What's wrong with the phrase: "mini-tornado"?

(prepared with help & advice from Les Crossan - a stalwart of this newsgroup, who sums it up perfectly by going " ... ' freak ' (argh): ' mini - tornado '- AAARGHHHH - CALL TORRO FAST! " If you want to help lower his blood pressure, read on ..... )

Within the memory of many of us 'oldies', there was a view amongst quite respectable meteorologists in this country that tornadoes just didn't happen in the British Isles. Any damage was caused by a "freak gust" - and that was that. Over the last 40 or so years, thanks largely to work by British stormchasers, officials and members of TORRO (see the 'useful sites' section), the fact that British & Irish tornadoes do indeed occur has entered the public consciousness, and more importantly, the Press / Media are now also aware. The British Isles are recognized as being the most tornado - prone landmass on Planet Earth (Fujita) and have a disproportionate number of weaker T1-2 events (Brooks) - the TORRO site has more on this.

However, it is unfortunate that the prefix 'mini' has come into use somewhere along the line, presumably in an (unnecessary) attempt to try and differentiate between our events, and the sometimes more powerful tornadoes of the North American continent. 'Mini', as used for the small car, or a small skirt, or a short-lived spell of heat might be appropriate, but not for 'our' tornadoes, which do indeed belong to the same family of Whirlwind events observed on the other side of the Atlantic (& elsewhere around the world).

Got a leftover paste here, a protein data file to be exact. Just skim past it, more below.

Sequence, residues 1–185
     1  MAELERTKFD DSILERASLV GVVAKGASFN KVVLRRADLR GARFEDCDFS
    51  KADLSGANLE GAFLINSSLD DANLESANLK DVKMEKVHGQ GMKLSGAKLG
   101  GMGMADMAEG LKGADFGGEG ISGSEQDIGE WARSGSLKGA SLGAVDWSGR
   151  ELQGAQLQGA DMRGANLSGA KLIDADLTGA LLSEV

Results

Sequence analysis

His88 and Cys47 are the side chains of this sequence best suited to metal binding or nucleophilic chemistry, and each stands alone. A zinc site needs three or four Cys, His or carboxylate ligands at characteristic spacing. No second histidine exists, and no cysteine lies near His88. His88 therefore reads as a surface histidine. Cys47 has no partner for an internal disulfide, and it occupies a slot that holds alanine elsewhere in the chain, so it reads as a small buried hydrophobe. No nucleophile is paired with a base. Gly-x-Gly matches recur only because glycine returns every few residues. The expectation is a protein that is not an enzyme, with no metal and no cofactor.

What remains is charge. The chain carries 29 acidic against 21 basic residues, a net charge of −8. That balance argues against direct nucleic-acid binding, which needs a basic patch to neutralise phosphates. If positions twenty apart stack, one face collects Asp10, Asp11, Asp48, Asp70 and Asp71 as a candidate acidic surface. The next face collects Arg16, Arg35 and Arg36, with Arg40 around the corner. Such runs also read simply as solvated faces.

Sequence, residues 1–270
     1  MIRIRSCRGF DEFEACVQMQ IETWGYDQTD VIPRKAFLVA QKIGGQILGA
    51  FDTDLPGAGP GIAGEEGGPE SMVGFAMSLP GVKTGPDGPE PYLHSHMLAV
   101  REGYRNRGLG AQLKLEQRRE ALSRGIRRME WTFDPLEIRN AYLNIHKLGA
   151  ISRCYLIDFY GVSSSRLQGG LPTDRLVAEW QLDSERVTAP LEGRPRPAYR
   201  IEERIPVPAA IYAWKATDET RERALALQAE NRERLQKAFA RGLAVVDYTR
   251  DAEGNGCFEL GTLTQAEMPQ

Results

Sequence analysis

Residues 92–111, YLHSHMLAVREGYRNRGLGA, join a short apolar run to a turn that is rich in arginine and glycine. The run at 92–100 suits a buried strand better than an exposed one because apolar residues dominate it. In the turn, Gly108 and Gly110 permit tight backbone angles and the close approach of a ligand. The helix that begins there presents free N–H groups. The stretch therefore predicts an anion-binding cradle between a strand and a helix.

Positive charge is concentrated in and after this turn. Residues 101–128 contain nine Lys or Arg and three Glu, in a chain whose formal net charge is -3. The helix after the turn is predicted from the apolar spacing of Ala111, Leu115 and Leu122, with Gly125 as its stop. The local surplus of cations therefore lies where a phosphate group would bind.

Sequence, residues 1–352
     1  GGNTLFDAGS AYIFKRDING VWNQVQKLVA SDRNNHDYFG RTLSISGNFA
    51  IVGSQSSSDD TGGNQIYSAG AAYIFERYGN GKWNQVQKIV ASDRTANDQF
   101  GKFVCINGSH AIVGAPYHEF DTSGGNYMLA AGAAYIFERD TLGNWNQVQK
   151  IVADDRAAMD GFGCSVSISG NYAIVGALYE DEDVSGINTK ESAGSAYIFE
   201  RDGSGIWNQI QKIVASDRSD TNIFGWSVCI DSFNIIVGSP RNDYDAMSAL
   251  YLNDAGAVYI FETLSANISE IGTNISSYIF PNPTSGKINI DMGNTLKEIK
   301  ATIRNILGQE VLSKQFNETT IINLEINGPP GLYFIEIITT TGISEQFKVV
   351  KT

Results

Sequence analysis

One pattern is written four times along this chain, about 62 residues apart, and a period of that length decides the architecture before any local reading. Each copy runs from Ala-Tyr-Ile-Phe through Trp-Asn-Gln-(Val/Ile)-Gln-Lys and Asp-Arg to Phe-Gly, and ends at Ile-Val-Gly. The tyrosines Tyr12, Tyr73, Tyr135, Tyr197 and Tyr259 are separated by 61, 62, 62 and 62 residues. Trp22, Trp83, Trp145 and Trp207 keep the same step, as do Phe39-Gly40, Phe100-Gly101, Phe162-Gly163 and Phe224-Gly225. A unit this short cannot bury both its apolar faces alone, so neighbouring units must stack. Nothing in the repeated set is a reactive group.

A much better qualification would be 'weak' (or 'moderate' if applicable)[or the U.S. term 'landspout' could be used - coined by Les Lemon and others for describing non - supercellular tornadic events]. Even weak tornadoes cause some damage - but 'weak' is presumably 'wimpish' in media-speak (for some): for us in this newsgroup though, we avoid the rather derogatory term " mini-tornado ". And as for 'freak' .... well that's another story and covered in the TORRO FAQ (via the 'useful sites' section), as are many other facts related to tornadoes, waterspouts, funnel clouds etc.